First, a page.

The government should appoint an infrastructure secretary to ensure stronger leadership on nationally significant projects across the UK, Costain’s chief executive has suggested.
Speaking to Construction News, Alex Vaughan said a dedicated senior minister in the role would help to “join up” different government departments working on large-scale schemes.
Vaughan said the person should work closely with large clients, such as Network Rail, to ensure the successful delivery of nationally significant projects, for example HS2 and the expansion of Heathrow airport.
His comments come after of ministerial movements triggered by Liz Truss coming to power in early September, though he was speaking to CN before the removal of chancellor Kwasi Kwarteng last week.
Vaughan said: “What I would love is a UK infrastructure secretary of state because I think the UK’s national infrastructure is so important that we need a [role] that oversees the whole lot, the ecosystem if you like.
“Increasingly transport, energy, water and other [government] departments are more connected. But I think having someone with a holistic view would be better.”
He added: “And when I mean infrastructure, I’m not talking about construction, I’m talking about our nation’s infrastructure – airports, water companies, transport businesses and energy companies.”
Vaughan said he has been encouraged by the prime minister’s commitment to major projects signed off by the previous administration, and argued an infrastructure secretary was also important for the UK economy.
“That role should oversee the whole infrastructure that drives the UK ecosystem and look at how we join that all up. I think it’s critical to the growth and prosperity of the UK.”
It is not the first time an infrastructure sectary role has been suggested. In 2014 the Evening Standard reported that former PM Boris Johnson, then mayor of London, was considering a new “superpost” that would combine responsibility for transport, business and housing.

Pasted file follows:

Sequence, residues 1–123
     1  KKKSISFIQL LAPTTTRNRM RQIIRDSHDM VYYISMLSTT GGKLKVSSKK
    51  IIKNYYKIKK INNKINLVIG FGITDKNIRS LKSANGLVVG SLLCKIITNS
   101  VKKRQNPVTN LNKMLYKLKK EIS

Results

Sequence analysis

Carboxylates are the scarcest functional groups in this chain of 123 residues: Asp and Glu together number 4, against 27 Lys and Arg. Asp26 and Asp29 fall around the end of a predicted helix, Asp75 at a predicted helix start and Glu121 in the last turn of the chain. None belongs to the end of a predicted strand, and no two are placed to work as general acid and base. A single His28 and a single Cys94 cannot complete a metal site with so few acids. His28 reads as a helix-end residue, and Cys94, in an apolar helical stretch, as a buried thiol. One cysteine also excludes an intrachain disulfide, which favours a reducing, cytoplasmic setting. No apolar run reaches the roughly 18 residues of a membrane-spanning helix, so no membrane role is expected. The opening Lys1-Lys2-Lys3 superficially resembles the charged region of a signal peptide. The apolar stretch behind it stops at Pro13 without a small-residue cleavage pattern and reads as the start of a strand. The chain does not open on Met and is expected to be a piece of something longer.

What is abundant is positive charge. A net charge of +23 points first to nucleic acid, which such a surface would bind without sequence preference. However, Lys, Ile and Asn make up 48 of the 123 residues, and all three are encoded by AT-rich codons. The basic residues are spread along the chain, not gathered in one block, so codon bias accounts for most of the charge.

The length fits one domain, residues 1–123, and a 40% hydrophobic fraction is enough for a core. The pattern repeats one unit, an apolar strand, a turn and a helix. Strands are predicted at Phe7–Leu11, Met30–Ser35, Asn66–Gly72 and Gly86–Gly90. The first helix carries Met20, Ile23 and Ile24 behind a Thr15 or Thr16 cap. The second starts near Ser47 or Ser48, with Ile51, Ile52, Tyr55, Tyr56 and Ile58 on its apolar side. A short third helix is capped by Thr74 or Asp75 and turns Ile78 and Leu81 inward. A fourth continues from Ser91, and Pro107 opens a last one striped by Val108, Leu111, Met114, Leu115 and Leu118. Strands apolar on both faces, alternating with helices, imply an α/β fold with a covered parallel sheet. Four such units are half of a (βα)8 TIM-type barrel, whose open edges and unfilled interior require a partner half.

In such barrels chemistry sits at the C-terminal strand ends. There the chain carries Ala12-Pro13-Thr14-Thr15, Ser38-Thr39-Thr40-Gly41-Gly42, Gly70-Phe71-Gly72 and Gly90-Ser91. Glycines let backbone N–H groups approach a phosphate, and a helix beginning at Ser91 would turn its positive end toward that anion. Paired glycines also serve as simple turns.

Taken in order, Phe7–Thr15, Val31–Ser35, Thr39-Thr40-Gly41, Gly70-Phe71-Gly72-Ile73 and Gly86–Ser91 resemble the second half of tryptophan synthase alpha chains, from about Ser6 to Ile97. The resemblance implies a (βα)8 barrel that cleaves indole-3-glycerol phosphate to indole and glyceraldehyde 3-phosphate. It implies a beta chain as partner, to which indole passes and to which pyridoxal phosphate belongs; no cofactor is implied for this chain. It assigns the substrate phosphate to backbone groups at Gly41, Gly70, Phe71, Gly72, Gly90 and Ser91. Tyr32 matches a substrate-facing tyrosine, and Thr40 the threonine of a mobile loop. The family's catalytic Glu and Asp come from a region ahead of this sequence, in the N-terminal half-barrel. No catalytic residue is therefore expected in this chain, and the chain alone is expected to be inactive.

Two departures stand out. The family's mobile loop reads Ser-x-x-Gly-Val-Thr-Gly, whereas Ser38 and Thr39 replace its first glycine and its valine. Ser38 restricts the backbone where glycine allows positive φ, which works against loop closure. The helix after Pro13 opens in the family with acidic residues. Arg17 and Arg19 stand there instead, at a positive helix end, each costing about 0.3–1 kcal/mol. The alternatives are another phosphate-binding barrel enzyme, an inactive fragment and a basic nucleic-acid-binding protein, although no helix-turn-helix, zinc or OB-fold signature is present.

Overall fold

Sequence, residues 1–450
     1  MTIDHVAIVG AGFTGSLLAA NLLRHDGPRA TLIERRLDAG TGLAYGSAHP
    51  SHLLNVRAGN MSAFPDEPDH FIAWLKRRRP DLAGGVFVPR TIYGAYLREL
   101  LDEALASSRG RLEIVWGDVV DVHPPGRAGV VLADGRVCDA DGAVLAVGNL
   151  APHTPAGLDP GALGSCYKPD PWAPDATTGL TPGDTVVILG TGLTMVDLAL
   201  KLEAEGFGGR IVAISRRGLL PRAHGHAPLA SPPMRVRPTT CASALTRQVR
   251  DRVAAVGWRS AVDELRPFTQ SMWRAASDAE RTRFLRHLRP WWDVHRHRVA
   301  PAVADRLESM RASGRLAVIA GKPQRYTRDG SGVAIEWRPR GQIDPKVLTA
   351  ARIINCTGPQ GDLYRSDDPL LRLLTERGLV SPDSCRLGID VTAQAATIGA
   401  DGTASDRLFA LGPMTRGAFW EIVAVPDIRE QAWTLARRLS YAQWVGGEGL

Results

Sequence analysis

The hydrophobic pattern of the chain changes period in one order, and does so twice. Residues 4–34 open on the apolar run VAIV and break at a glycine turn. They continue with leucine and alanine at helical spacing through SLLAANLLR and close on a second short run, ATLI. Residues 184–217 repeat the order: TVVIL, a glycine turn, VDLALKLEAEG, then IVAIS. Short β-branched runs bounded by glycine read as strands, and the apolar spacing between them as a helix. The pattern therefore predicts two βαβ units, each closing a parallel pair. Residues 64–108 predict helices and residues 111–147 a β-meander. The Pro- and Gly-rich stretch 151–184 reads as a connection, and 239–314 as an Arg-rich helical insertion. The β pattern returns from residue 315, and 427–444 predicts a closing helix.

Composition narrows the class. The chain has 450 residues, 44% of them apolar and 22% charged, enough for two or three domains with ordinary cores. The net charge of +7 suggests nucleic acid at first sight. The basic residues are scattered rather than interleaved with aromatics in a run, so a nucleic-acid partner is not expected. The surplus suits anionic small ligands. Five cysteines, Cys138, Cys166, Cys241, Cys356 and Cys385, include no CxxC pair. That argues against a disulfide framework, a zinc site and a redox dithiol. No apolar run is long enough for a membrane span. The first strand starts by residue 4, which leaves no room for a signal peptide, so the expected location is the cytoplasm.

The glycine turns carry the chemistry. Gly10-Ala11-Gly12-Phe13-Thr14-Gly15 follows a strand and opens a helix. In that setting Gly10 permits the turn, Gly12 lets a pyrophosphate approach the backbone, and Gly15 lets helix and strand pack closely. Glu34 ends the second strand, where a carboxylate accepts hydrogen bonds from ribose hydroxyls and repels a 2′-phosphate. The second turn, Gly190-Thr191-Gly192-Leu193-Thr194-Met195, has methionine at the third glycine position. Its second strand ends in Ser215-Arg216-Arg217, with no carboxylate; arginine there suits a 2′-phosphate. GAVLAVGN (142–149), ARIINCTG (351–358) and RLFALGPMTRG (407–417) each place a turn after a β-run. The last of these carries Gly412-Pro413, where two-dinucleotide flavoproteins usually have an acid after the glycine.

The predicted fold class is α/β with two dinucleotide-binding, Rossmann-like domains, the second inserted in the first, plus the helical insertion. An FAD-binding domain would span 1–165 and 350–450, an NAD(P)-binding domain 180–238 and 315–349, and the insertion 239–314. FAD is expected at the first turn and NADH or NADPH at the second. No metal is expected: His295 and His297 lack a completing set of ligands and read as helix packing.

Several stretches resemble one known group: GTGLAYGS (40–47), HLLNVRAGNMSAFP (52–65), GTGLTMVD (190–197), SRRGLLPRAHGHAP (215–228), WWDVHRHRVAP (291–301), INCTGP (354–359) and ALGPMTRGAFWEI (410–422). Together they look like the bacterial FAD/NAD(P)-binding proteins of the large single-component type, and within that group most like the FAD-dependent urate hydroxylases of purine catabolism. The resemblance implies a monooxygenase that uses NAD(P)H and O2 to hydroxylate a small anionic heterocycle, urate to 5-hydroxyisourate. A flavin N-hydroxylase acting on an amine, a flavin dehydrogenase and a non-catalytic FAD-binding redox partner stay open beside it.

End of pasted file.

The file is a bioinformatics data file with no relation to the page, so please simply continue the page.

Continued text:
It was suggested the following year by Conservative MP Stephen Hammond, and was again discussed in 2019. At the time, however, Labour peer Lord Adonis told CN: “Whitehall musical chairs won’t make a jot of difference to the actual planning and delivery of infrastructure. What’s needed is funding and political will.”
At present, UK infrastructure projects are handled by several government departments, including transport, energy and housing.
Vaughan said the benefits of joined-up thinking were demonstrated during the pandemic, when the government stepped in to help housebuilders, a response he described as “brilliant”.
“There was an understanding that [they had to] look at the whole ecosystem because without housebuilding we haven’t got enough demand – and they got it and got the whole industry working closer together and driving recover,” he said.
Last month former chancellor Kwasi Kwarteng announced plans to overhaul the planning system for major infrastructure projects, with schemes to be fast-tracked to unlock economic growth. The Treasury said on Tuesday that this remained policy under Jeremy Hunt.